- I’m renewed in my belief and actions that we must play the notes we’ve been given. My friend Marc once told me that people will buy the you found in the endeavor. The you is found in the notes.
In my last post I gave you a glimpse of how I manage my life. I didn’t quite describe it as “life management,” but you get it.
So if life is a composition, then what are the notes?
Thoughts, words and actions are the notes. They are the power in the music. Thoughts, words and actions will determine the beauty or the ugliness of the composition. Even more importantly, the hearer will be influenced. Daunting.
I’m always floored when I think of how many people manage life by accident. The jumping from thing to thing, just to land in a place I don’t recognize doesn’t appeal to me. I want to make deposits into eternity.
Considering that more than a few people have seen me as a man from mars, for putting so much emphasis on the composition, explains a lot.
I’ve made some mistakes with my choice of notes. I sometimes tried to play a dance song, when I should have played a ballad. I sometimes had the volume too loud, when a soft melody would have sufficed. Just the same, I keep practicing. I keep practicing because I want my life to sound something like this:
I’ve been reflecting on how life is much like a musical composition. My love for Miles Davis is not a mystery for many, but his art has impacted my life on so many levels. If you read anything about his musicianship, often you’ll find statements about his ability to know where to place notes, and use very few notes to create beauty.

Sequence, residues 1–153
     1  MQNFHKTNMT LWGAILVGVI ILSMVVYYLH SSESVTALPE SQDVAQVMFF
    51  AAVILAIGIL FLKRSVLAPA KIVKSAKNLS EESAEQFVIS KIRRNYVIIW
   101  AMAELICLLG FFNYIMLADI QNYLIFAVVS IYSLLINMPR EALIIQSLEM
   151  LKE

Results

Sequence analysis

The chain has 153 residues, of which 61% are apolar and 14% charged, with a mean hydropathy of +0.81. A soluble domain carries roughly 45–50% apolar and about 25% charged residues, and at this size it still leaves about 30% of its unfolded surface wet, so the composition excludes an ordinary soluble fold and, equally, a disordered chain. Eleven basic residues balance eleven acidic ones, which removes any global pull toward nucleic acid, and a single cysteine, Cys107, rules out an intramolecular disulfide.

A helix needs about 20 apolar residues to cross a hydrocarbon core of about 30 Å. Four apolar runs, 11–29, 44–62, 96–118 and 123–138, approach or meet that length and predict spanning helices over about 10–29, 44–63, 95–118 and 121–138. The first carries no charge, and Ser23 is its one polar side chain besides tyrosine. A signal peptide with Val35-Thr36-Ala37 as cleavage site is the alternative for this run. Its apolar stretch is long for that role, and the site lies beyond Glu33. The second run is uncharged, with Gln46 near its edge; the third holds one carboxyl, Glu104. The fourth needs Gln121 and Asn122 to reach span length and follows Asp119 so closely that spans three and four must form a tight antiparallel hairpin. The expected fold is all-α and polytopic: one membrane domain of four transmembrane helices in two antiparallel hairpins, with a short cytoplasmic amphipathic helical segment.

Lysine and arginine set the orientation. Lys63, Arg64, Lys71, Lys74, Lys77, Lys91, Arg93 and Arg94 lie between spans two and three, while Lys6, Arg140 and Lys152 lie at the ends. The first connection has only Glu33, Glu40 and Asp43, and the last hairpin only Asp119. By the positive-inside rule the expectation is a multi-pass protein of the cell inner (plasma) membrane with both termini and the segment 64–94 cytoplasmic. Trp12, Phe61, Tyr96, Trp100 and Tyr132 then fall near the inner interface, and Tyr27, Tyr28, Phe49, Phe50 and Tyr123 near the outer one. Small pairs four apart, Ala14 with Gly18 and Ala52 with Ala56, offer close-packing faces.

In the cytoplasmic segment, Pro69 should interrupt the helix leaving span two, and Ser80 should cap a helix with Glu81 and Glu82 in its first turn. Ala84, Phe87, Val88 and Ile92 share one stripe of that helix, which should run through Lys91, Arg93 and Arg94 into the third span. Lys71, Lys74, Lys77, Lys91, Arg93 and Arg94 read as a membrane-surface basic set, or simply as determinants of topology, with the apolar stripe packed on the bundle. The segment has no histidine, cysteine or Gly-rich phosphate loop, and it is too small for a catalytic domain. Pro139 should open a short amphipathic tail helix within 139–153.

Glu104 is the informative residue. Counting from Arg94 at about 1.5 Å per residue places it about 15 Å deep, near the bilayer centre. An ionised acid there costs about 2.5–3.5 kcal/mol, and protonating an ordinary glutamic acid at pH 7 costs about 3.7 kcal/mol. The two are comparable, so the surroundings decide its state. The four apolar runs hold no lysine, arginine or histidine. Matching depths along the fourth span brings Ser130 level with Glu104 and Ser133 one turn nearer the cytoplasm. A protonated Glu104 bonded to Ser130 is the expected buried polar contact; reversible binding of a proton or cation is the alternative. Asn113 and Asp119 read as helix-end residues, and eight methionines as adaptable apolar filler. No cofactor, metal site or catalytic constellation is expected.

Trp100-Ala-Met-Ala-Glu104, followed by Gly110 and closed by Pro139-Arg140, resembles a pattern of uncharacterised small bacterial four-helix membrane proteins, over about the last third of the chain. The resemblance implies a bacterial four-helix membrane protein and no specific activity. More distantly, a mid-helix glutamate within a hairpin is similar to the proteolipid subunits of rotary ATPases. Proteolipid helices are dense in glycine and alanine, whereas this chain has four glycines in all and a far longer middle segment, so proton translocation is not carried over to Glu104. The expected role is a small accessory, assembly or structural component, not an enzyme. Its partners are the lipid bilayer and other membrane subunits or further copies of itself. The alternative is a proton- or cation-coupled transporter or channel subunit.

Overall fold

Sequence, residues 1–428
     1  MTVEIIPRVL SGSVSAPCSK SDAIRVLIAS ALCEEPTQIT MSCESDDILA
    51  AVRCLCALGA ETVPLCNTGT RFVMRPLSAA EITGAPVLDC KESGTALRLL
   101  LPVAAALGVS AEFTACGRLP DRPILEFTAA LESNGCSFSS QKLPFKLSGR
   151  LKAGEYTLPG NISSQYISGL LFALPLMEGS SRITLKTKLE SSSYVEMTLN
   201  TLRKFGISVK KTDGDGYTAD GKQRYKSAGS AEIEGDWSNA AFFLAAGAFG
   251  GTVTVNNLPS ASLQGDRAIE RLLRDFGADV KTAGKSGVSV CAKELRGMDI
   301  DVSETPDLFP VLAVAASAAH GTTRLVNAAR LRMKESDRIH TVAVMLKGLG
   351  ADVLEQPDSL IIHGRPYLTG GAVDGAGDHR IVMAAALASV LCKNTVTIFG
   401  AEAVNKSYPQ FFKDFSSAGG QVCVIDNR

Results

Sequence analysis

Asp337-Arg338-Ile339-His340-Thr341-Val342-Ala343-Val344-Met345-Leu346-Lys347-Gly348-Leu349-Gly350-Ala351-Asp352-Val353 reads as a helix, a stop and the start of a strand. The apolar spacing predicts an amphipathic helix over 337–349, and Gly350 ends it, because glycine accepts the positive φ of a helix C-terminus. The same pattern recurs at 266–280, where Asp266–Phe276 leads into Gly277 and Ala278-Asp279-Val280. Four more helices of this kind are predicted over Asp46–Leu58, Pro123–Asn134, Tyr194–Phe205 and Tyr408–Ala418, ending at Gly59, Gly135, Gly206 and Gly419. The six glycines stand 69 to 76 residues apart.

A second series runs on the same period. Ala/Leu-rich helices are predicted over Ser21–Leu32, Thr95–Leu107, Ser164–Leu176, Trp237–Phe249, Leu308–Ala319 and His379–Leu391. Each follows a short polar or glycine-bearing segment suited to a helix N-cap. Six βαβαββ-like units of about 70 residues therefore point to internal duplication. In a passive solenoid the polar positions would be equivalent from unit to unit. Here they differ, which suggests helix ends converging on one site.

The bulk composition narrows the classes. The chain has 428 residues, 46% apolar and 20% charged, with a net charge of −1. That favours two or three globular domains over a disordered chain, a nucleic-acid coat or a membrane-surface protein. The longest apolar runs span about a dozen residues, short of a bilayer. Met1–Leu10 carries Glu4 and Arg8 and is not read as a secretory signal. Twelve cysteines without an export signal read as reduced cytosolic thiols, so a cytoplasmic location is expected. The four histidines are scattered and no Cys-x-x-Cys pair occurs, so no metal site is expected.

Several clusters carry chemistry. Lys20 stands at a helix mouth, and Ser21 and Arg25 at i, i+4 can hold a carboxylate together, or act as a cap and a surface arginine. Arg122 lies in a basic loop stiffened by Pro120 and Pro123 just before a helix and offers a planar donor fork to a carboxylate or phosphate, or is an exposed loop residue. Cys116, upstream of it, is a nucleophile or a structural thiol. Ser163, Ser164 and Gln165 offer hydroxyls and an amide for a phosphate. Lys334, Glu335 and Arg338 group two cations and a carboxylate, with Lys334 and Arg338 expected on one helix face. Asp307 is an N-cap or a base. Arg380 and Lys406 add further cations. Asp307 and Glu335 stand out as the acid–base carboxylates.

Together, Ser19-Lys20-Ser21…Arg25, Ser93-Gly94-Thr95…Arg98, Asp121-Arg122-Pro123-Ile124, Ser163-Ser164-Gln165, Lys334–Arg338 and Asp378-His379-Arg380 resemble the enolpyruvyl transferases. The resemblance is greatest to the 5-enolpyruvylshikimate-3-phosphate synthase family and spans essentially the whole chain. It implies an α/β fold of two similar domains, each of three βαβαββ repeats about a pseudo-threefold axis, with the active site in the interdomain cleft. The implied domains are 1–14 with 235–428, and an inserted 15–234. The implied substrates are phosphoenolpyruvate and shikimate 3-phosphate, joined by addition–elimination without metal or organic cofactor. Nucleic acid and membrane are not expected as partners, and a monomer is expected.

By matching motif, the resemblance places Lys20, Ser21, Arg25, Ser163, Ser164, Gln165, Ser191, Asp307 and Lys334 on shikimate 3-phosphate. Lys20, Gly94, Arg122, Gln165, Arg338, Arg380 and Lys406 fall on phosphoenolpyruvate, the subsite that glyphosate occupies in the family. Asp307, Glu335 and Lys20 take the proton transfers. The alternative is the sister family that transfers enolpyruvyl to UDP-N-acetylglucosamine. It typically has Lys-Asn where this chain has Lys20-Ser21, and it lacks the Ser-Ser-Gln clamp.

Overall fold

We’ve been given a few notes to play and a limited time to play them.
Every day I wake up, I’m confronted with a composition (my life) and the choice of notes to play. The notes chosen will mean everything-today and into eternity.
Funny, when I was always “busy” I played a lot of notes. A virtuoso to the world, but hollow inside. I can vividly remember thinking the notes were not mine. So why do it? Pressure to be, pressure to say, pressure to find, is all I can come up with. Time has a way of ridding you of this, if you let it. I got older and started wondering “what the hell am I doing?”
Reducing notes in order to play the true ones is not an overnight thing, and at some levels the temptations always lurk in the shadows. My current state has taken almost 10 years to get to. But I am fully alive in the process.
The following is how I approach the composition (life) and the notes I’ve been given:
- I let God inform me daily
- I review the melody of the day and play it over in my head and heart
- I look for opportunities in all facets of life.
- I don’t have expectations, I take what He gives me and I play
- I always remember, like Miles, that I only need a few notes.